Economics and the mid-life crisis have much in common: Both dwell on foregone opportunities

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Friday, October 21, 2005

Legalized Scalping

In our Radioeconomics discussion about the World Series this morning, King Banaian, Phil Miller, and I discussed ticket scalping at the outset. In an earlier posting, Skip Sauer noted that there have been reports from the Chicago Tribune that Chicago tickets to the World Series with face values roughly between $125 and $200 have been resold for between $515 and $7500, depending on the location of the seats.

After our podcast discussion (but probably unrelated to it), one of Skip's friends sent him this story from the WSJ online. It turns out that reselling tickets is legal in many states, and with varying regulations on the resellers and the prices they are allowed to charge.

One Illinois provision was passed in May when White Sox fans could only dare to dream about a World Series berth for the first time since 1959. It lifted the ban on nonlicensed individuals reselling event tickets online for more than face value.
The effect of this de-regulation of the aftermarket has been to increase the supply of tickets on the legal market, with the expectation that, ceteris paribus, prices would drop somewhat.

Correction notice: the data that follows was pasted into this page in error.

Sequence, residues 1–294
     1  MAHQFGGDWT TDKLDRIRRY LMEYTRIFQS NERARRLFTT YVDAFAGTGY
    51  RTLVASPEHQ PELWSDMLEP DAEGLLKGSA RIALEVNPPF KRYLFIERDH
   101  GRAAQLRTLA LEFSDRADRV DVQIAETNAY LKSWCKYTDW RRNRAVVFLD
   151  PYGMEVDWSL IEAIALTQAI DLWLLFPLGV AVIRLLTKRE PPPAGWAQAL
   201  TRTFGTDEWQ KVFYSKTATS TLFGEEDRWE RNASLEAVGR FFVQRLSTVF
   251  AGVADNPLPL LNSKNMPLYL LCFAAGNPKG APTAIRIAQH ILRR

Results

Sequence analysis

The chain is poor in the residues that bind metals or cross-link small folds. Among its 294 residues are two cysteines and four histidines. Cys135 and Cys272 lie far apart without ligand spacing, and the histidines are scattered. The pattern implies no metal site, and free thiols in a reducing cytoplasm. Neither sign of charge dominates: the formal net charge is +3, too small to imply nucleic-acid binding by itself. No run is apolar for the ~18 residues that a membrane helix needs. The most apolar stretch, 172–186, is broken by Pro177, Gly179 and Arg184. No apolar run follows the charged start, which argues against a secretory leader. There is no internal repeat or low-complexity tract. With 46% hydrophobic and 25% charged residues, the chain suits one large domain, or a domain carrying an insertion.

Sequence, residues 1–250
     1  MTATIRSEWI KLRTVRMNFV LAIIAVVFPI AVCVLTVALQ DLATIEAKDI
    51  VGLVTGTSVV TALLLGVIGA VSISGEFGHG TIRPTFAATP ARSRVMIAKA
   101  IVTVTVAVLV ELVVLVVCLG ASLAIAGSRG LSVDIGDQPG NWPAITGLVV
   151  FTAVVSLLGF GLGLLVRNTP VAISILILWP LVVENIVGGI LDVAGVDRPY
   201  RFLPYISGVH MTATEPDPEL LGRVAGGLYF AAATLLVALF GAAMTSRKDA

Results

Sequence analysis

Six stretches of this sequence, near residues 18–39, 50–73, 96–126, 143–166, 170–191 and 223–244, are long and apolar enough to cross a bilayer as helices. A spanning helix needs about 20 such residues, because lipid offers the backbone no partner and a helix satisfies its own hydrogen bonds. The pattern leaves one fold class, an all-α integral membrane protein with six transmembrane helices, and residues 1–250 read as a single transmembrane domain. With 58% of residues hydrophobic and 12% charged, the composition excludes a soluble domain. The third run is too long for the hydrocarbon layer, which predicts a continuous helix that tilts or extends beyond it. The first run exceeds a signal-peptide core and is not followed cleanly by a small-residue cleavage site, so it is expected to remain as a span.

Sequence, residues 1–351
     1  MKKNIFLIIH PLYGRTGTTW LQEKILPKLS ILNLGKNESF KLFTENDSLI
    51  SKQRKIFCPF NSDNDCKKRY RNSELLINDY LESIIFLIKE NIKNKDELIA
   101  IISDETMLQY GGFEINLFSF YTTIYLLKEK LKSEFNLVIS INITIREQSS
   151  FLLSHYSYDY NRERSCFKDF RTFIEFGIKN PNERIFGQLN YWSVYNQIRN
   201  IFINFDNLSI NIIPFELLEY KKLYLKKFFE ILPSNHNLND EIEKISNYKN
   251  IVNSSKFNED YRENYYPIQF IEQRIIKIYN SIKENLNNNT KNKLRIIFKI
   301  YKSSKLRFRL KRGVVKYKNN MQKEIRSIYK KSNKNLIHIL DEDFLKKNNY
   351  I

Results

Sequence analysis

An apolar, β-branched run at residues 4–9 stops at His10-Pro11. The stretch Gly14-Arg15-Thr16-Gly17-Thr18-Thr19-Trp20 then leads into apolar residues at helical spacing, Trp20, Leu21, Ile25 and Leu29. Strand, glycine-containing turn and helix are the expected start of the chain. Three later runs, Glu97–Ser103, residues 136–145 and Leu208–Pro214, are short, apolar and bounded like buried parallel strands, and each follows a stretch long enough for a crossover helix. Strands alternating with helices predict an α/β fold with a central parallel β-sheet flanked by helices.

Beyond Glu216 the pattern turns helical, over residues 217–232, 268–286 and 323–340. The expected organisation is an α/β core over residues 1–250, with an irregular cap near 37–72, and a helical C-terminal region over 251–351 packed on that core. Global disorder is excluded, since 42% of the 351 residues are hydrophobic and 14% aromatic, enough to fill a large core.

The new laws could mean that prices for resold tickets for other events such as concerts and theater performances could fall too as a greater number of sellers post tickets online.
At the same time, knowing that one can buy scalped tickets legally has increased the demand. The net effect on prices is difficult to predict and assess.

But online ticket resellers continue to report frenzied business. StubHub, based in San Francisco, says the number of White Sox tickets sold on its site the day the team clinched the American League championship was 57% higher than the number of Red Sox tickets sold when Boston won a spot in the World Series last year.

Online ticket reseller RazorGator reports a 50% increase in traffic overall. "The change in the law opened up a whole new piece of the market," says David Lord, the Beverly Hills-based company's president and chief executive.
The article makes a concluding point that emphasizes the importance of reputation: counterfeit sales may become an increasing problem, especially with personal sales on-line between people who do not know each other.
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